In considering the relevance and quality of a data source, said Yaist, one of the main considerations is whether the data are representative of the population of interest. Data that are to be used for a regulatory decision need to reflect the U.S. population, she said. Unfortunately, there are few data sources, including EHRs and claims, that truly reflect the population. When using these large data sources, she said, researchers need to “really think about systematic bias” that may be present. For example, researchers should consider the clinical context of the data source and how certain patients may be represented while others are not.
One potential way to minimize bias from RWD, said Marc Berger, former vice president of Real World Data and Analytics at Pfizer, is to use multiple datasets. “You should never trust any one study,” said Berger. Using multiple datasets increases the likelihood that bias will be minimized, because each dataset may have different biases that cancel each other out (see Box 6-3).
Rima Izem, senior mathematical statistician at CDER, said one of the unique characteristics of RWD is that they are dynamic—the data change over time, which changes the answers that can be derived from the data. Many studies are predicated on the assumption that the data are static, and algorithms are validated based on the data at one point in time, she said. But with RWD, prospective data are always changing, and even retrospective data can change because data from other sources may be added to the dataset. Altan shared an example of the dynamism of RWD. Researchers were using data from claims and EHRs in a study, and during the course of the study, the provider of the EHR data had a change in their client base that caused data to be removed from the environment and changed the sample size.
Another way in which RWD can change over time, said Altan, is through changes to practice patterns for particular diseases. In a longitudinal study that may last multiple decades, the data about clinical care and clinical outcomes can change substantially as there are regulatory changes, formulary changes, or changes to standard of care. Simon added that coding can also change over time—for example, during a study on suicide prevention, the International Statistical Classification of Diseases and Related Health Problems (ICD) codes for self-harm changed dramatically between ICD-9 and ICD-10. As a result, the researchers had to adjust the outcome specifications during the trial, he said.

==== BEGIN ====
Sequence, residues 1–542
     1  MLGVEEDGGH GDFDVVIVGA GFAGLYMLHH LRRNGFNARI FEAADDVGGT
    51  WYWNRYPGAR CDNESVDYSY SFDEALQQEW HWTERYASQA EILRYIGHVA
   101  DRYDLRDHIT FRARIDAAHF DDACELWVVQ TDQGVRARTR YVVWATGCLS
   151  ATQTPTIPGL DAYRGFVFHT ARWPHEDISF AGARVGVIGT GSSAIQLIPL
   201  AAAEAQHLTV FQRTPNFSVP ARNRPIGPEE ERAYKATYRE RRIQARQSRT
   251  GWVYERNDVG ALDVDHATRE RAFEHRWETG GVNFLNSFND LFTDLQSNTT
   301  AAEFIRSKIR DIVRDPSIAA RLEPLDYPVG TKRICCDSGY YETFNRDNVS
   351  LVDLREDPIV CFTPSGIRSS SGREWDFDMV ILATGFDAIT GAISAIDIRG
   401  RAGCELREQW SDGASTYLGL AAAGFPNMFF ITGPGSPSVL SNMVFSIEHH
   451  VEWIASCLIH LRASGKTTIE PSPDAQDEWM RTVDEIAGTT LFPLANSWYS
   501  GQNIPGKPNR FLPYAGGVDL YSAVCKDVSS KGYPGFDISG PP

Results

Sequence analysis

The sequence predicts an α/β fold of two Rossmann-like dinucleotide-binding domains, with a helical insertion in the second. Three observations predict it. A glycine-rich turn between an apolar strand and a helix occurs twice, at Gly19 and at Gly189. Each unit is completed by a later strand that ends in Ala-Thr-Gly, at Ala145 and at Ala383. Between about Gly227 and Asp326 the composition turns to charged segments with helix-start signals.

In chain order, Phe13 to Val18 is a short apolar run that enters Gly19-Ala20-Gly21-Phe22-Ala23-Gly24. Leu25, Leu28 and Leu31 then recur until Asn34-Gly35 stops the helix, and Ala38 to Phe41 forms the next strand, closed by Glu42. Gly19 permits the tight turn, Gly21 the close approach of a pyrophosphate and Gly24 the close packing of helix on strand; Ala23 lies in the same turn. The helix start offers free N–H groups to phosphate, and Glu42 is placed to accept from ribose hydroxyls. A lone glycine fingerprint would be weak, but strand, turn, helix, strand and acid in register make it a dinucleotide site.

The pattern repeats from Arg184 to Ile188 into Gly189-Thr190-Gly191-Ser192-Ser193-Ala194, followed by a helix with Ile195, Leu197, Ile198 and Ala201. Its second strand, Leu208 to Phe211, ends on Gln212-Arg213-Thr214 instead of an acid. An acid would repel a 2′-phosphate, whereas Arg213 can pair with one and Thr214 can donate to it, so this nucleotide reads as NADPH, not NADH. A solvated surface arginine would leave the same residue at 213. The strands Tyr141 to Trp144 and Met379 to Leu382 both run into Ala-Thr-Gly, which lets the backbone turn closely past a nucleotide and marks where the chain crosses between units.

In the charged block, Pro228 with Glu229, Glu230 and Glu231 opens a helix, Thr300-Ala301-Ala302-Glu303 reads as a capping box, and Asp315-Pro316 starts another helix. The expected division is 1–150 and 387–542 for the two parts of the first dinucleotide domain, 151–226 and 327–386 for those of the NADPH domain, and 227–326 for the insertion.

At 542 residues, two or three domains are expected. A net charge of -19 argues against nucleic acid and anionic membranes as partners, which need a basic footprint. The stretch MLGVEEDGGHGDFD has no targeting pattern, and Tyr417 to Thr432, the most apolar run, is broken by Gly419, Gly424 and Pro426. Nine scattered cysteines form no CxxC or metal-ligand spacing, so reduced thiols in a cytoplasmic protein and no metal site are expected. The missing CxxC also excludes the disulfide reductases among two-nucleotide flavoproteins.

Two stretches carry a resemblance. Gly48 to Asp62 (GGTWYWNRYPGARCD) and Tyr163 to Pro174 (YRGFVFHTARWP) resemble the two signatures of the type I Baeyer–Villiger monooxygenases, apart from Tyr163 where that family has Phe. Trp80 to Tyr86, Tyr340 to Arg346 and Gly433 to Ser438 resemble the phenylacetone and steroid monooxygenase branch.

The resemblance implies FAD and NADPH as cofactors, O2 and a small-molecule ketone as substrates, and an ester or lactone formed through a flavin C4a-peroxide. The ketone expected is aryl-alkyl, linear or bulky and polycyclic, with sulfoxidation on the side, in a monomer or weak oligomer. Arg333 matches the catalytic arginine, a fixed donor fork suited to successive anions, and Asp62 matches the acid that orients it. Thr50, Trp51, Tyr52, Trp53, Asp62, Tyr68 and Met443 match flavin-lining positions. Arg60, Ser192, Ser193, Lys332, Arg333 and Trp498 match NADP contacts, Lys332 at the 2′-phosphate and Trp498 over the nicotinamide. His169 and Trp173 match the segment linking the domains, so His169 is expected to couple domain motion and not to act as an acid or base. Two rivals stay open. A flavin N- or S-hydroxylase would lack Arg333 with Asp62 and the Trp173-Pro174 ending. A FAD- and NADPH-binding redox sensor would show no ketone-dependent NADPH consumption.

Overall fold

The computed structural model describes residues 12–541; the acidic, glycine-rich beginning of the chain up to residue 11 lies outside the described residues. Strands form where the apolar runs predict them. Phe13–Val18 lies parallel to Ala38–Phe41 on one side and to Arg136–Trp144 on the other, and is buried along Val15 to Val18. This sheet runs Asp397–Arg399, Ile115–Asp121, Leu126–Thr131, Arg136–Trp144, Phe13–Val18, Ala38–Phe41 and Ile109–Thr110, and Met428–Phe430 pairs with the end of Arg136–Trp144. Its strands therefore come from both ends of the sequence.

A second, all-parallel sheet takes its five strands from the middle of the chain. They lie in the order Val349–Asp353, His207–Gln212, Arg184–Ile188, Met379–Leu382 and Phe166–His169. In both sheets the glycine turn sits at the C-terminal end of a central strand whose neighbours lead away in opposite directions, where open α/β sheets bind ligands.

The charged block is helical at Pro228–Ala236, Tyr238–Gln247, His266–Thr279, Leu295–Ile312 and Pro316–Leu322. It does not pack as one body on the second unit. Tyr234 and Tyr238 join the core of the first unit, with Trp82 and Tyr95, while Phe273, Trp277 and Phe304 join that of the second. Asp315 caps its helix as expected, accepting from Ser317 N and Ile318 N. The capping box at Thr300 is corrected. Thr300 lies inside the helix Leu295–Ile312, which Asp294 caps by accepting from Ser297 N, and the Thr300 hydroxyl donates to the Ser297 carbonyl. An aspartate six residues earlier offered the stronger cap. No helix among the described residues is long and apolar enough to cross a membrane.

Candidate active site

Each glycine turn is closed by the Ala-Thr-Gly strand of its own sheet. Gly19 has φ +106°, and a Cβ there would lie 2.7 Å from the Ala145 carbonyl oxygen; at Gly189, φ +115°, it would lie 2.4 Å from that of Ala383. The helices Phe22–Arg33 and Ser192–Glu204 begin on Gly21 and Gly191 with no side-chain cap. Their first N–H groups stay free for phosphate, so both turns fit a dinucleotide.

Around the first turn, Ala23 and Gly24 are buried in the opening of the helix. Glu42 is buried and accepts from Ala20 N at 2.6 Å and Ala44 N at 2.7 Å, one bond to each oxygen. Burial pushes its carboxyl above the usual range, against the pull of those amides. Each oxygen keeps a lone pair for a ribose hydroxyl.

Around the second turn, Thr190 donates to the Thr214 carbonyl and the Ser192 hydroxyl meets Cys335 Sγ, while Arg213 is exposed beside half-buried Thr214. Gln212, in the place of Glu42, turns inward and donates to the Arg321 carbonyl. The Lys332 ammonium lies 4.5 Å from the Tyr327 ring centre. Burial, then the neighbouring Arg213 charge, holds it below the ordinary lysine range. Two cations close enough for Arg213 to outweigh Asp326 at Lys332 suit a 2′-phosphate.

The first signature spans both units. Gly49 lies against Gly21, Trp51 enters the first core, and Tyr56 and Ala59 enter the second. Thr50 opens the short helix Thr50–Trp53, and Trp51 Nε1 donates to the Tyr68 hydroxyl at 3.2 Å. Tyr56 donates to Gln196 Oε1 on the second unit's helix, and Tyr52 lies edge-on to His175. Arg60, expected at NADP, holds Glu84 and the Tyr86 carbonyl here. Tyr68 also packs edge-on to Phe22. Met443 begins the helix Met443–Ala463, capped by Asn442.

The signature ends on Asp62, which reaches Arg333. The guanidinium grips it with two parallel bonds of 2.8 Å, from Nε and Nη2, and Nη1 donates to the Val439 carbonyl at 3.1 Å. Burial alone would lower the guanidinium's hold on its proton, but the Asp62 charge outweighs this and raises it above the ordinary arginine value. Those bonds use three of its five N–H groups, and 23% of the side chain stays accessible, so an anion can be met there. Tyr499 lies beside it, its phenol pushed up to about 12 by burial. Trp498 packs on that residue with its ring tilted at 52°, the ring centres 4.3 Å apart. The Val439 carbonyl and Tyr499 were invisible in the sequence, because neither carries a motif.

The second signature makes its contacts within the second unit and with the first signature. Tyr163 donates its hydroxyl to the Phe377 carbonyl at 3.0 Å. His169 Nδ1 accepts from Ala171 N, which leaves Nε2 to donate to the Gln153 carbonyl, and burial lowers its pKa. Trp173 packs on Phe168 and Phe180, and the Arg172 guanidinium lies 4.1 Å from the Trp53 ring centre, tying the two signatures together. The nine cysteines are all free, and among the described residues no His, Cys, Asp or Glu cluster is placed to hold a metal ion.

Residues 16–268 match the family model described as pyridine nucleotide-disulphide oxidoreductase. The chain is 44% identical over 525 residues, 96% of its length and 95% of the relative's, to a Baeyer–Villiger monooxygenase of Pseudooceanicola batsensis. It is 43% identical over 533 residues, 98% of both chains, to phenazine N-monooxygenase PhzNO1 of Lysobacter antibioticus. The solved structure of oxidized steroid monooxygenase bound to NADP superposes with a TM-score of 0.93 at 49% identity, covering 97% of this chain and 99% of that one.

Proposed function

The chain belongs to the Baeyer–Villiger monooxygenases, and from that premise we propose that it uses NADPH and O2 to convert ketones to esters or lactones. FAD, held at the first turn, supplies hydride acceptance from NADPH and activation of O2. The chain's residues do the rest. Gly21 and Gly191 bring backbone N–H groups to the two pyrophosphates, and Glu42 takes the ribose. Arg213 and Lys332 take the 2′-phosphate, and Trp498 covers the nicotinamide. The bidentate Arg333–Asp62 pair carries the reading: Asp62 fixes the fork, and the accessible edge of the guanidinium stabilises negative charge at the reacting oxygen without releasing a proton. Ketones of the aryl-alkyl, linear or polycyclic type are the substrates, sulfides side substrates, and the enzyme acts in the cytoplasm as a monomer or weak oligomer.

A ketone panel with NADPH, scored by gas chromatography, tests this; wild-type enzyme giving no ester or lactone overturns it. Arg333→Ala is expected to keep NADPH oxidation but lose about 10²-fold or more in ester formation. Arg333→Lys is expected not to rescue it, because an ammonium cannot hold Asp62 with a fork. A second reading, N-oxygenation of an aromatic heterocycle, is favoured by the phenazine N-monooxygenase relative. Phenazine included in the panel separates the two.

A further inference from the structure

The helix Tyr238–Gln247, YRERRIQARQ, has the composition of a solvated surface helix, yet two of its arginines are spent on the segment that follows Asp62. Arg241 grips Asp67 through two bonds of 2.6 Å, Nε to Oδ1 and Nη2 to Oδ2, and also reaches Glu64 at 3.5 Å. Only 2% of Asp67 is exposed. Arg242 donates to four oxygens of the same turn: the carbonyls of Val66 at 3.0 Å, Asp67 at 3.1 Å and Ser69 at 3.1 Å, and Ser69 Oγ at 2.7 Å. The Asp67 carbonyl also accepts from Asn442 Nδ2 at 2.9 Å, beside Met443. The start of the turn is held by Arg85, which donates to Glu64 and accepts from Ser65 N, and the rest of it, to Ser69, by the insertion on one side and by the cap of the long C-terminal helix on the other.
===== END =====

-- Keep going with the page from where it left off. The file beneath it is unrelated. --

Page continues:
Berlin stressed that because of this dynamism of data, it may be necessary to reassess the tools used to analyze data—for example, the algorithms that are validated for a certain condition may need to be revalidated after changes have occurred. Most importantly, he said, the data tools and methods need to be transparent, so that all stakeholders can understand how the data have been collected, curated, and analyzed.
The Importance of Sharing
Deven McGraw, deputy director for health information privacy at the U.S. Department of Health and Human Services’ Office for Civil Rights at the time of the workshop and currently chief regulatory officer at Ciitizen, observed that nearly any use of RWE and RWD requires some amount of data sharing. Currently, the rules and regulations about data make it “perfectly permissible . . . for you to do nothing but sit on the data that you are collecting,” she said. There are perverse incentives that discourage sharing, she said, because when data are shared, there are rules and conditions that must be followed. The hurdles to sharing are even higher for data that are related to sensitive conditions such as mental health or substance abuse, she said. Clearly, patient privacy and security should be
protected. However, the current system tilts the scale so far in the direction of privacy that data are “buried in the backyard” and are not shared and used to their full potential. The regulatory environment, said McGraw, has unintentionally created disincentives for sharing, and it is time to “rethink our regulatory framework and take the thumb off of one side of the scale and try to put it on the other side of the scale.” However, allowing any and all kinds of sharing would not necessarily be beneficial, she said, and a framework of accepted principles could be essential for reducing risks and increasing benefits.
Transparency of Data Source and Curation